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Resolution of say 1080 x 720 means 1080 vertical lines of pixels and 720 horizontal line of pixels. This means a total of 777,600 numbers of pixels across the width and breadth of the screen. Now for Spatial resolution say for a 100ppi(considering 100 vertical lines per horizontal 1 inch, if I am correct) the width of the screen comes out to be 1080/100 = 10.8inches. But then how come we have TV screens much larger in size. Does that mean the aspect ratio of say a 30inches(width) TV screen has spatial resolution of just 1080/30 = 36ppi. Then how come the images are of such good quality.

In a phone also we find resolution of 1920 x 1080 then does it mean spatial resolution of the phone will always be better than that of equal resolution TV Screen, which is not apparent. What am I missing here?

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closed as off-topic by Leon Heller, Majenko, Andy aka, Rev1.0, Daniel Grillo Jun 16 '14 at 11:17

This question appears to be off-topic. The users who voted to close gave this specific reason:

  • "Questions on the use of electronic devices are off-topic as this site is intended specifically for questions on electronics design." – Leon Heller, Majenko, Rev1.0, Daniel Grillo
If this question can be reworded to fit the rules in the help center, please edit the question.

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    \$\begingroup\$ If you held your phone in front of you at a comfortable position and sat in your armchair to watch the TV, the screen on your phone would look about the same size as the TV screen. \$\endgroup\$ – Andy aka Jun 16 '14 at 9:14
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This is really the wrong site for this kind of question. You really should have asked it somewhere like https://physics.stackexchange.com/ (they even have an "optics tag"!)


The images aren't any better quality then the images shown on the phone.

The thing you're missing here is the angular resolution.

Basically, if you look at a phone screen from 10 feet away, you will not be able to make out the image to any significant extent. However, you generally view phones from distances < a few feet. As such, for a pixel to have an angular size where it approaches the resolving power of the human eye, the pixel has to be considerably smaller.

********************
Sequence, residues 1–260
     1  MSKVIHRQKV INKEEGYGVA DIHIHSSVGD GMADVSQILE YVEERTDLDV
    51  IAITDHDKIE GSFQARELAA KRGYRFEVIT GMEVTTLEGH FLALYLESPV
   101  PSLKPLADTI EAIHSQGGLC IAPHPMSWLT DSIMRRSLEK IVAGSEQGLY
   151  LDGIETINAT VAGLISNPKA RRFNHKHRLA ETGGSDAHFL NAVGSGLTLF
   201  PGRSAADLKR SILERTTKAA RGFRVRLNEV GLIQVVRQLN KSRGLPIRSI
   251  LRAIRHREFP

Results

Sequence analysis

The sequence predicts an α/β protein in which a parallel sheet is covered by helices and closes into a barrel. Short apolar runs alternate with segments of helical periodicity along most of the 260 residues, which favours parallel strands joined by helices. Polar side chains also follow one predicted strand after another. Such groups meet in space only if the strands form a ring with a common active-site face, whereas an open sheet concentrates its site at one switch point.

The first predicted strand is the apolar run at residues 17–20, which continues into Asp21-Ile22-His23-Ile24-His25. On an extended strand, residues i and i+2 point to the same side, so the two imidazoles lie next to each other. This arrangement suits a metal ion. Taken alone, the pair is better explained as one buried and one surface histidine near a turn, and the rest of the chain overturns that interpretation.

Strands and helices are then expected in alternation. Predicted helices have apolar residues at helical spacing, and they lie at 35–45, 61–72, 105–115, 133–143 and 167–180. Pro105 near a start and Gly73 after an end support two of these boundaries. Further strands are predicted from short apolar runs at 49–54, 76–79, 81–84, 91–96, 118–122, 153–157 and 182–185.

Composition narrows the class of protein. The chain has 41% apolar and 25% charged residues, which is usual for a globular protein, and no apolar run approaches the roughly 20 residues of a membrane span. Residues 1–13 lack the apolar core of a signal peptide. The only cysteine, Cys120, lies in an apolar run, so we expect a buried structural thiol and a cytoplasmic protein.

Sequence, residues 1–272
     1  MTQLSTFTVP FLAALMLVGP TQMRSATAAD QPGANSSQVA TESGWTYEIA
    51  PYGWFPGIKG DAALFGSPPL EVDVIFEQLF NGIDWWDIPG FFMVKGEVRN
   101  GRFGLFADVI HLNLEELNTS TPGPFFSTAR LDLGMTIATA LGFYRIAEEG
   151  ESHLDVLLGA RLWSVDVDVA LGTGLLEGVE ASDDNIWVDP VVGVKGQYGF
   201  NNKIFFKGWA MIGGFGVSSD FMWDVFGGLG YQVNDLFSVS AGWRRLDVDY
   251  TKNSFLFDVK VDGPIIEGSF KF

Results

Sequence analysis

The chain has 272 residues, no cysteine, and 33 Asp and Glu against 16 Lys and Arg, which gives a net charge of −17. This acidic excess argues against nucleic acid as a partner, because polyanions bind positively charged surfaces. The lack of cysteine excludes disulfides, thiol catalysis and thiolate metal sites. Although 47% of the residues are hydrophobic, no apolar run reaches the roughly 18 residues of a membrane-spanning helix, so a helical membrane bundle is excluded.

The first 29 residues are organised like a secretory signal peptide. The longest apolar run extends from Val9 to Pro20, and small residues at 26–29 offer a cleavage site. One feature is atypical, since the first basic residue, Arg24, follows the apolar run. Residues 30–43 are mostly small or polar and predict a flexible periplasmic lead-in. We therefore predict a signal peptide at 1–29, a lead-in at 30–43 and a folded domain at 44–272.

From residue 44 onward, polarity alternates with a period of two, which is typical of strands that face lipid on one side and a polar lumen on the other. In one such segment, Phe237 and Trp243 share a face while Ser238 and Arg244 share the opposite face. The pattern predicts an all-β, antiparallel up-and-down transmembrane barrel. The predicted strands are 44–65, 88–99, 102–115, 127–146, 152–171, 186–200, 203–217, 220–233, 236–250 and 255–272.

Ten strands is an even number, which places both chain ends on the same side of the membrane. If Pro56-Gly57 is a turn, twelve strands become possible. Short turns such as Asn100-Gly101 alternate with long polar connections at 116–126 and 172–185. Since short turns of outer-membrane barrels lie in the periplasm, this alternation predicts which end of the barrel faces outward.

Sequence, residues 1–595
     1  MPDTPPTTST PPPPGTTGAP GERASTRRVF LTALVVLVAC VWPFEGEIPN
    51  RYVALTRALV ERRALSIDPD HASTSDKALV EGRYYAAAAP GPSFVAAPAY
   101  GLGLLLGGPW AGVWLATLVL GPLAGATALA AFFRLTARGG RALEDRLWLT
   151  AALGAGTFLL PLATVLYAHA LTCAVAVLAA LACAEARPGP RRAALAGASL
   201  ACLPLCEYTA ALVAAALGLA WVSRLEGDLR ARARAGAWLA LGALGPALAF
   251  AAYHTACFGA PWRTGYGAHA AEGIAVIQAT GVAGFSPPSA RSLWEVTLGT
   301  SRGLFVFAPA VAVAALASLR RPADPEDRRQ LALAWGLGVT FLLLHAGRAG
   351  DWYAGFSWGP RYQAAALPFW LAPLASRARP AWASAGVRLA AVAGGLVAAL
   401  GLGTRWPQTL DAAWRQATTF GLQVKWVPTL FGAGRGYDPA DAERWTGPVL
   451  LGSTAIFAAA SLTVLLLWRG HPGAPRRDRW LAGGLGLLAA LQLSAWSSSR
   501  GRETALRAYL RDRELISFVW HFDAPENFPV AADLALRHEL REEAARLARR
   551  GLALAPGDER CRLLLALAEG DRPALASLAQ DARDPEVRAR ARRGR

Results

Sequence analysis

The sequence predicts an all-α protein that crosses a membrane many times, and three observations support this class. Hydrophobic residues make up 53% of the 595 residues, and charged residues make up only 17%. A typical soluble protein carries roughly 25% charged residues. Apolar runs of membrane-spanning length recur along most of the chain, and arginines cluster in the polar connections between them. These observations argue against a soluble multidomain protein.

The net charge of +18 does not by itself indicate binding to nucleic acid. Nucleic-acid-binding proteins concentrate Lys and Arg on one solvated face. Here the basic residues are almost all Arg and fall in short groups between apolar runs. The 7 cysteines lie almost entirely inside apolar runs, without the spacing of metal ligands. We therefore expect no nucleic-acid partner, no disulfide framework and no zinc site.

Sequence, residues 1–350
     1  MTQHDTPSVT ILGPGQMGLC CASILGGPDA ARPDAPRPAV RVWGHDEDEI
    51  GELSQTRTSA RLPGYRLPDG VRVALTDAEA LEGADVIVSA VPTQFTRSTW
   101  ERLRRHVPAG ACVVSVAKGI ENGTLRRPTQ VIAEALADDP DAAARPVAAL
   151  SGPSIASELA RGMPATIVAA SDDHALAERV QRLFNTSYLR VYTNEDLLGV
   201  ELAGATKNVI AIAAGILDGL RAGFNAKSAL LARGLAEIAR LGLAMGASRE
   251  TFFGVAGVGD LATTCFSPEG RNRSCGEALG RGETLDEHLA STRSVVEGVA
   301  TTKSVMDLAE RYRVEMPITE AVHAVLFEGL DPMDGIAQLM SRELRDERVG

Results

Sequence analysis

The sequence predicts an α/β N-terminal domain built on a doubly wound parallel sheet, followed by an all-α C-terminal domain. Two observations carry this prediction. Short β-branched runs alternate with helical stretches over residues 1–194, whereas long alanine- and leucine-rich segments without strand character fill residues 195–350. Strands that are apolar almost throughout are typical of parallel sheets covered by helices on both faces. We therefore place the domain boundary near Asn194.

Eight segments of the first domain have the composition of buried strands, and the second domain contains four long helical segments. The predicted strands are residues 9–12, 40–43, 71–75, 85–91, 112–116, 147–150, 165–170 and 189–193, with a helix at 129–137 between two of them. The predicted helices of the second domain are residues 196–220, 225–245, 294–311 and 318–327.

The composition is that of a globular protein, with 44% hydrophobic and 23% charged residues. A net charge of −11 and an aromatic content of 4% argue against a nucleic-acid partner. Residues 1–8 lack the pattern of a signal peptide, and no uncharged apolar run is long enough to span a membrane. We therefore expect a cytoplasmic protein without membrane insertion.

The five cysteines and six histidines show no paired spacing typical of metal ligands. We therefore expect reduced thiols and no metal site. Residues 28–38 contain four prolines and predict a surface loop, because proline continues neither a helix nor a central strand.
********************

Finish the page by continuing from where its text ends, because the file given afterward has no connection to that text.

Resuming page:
The inverse is true for TVs. If you have a TV with a hypothetical 300 PPI, at normal viewing distances, you will not be able to meaningfully resolve the additional pixels to any great extent.

For various screen sizes (roughly):

  • a 40 inch 1920x1080 HDTV exceeds your eye's ability to resolve discrete pixels when viewed from 5.2 feet or more
  • a 50 inch 1920x1080 HDTV exceeds your eye's ability to resolve discrete pixels when viewed from 6.5 feet or more
  • a 60 inch 1920x1080 HDTV exceeds your eye's ability to resolve discrete pixels when viewed from 7.8 feet or more

Relevant: http://en.wikipedia.org/wiki/Optimum_HDTV_viewing_distance#Human_visual_system_limitation

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  • \$\begingroup\$ You mean to say that a 40 inch tv will also have 1920 numbers of horizontal line and so will a 60inch TV screen and a 6inch mobile screen! \$\endgroup\$ – sk1 Jun 16 '14 at 7:55
  • \$\begingroup\$ @sk1 - Uh, yeah, they're all the same resolution. 1920*1080 is 1920*1080 is 1920*1080. Did you think TVs were a different resolution or something? \$\endgroup\$ – Connor Wolf Jun 16 '14 at 7:56
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    \$\begingroup\$ The critical thing is they all have pixels of roughly the same apparent size, despite having pixels of dramatically different physical size. Things look smaller when you are further away. \$\endgroup\$ – Connor Wolf Jun 16 '14 at 7:58
  • \$\begingroup\$ Can screens with same dimensions and same resolution have different spatial resolutions(in ppi)? \$\endgroup\$ – sk1 Jun 16 '14 at 8:00
  • \$\begingroup\$ @sk1 - The spatial resolution is a function of the physical resolution and the distance it is viewed from, so yes. \$\endgroup\$ – Connor Wolf Jun 16 '14 at 8:01
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It's a bit like this: -

enter image description here

On the left my eyes see a phone screen and then, when I look to the right I see a TV screen with the same resolution. They look pretty much the same because they have the same number of pixels per inch.

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I think this instructional video explains very clearly the differences between the spatial resolution and physical resolution, just replace the word "cow" with the word "pixel":

http://www.youtube.com/watch?v=GFTgkibl7DU

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